Seated for lunch next to the wife of a famous breast surgeon, and one seat over is perhaps the richest woman in St. Louis, a very demure lady, and I'm listening as they discuss the cancer-ridden couple who on May 15 won a $2 billion judgement from Monsanto, St. Louis-based manufacturer of the carcinogenic herbicide Roundup, sprayed annually on the Divine property when I first got here, but hasn't been for years.
Surgeon's Wife: Did you hear about the $2 billion judgment against Monsanto?
Richest Woman: Did you say billion?
Surgeon's Wife: With a "b."
Richest Woman: My. That does sound excessive. I used to work for Monsanto in the [don't remember what was said, but her husband worked for Monsanto].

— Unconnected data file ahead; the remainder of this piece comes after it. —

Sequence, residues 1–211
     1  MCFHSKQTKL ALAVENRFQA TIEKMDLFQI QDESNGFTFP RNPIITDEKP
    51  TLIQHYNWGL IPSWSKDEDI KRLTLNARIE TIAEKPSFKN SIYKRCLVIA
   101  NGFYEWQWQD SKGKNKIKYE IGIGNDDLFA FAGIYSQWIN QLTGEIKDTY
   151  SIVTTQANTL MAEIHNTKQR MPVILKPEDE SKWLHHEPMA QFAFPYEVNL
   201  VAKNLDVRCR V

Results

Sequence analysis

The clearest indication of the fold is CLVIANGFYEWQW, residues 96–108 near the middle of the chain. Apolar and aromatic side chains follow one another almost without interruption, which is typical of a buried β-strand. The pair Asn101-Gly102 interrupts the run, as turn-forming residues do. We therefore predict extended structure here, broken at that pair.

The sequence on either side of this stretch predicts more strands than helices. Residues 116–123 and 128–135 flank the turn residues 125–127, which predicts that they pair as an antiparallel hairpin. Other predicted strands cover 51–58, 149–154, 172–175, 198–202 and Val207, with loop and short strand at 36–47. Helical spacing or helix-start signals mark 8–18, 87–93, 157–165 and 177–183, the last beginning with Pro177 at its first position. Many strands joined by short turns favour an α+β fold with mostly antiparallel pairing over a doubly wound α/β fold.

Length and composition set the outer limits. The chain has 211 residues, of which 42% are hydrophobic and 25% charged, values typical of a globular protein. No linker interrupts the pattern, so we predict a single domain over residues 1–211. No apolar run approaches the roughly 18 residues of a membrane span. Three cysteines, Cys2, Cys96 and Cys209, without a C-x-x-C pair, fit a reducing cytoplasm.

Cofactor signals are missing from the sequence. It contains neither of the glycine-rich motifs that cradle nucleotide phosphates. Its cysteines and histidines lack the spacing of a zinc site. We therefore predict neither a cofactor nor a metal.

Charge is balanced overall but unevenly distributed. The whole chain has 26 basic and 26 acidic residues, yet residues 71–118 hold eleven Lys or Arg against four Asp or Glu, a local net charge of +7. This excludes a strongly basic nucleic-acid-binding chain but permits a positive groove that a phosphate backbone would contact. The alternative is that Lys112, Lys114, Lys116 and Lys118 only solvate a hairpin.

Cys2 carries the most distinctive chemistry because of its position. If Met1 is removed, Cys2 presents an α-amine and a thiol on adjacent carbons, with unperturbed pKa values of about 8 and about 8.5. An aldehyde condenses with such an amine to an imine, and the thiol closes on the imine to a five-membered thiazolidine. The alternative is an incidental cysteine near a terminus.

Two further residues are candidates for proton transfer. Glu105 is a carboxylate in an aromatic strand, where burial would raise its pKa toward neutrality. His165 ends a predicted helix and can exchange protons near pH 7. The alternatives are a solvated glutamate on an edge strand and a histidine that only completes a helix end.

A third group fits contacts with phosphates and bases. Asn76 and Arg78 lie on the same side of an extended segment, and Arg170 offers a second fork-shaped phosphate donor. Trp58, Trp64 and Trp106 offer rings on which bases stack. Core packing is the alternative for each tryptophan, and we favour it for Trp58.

Surgeon's Wife: These lawsuits are out of control.
Richest Woman: I don't know how business will survive if this is the trend.
Surgeon's Wife: Remember all the lawsuits that said breast implants cause cancer? They didn't cause cancer. Breast implants never caused cancer. But patients sued and got millions. Millions. That hurt a lot of people. A lot of people.
It dawns on me that her "lot of people" means the surgeons and doctors, such as her husband, who had to make injurious payouts. This, to me -- one of 3.5 million American breast cancer survivors -- was a unique and enlightening perspective. I said nothing. As of tomorrow I am a 10-year survivor.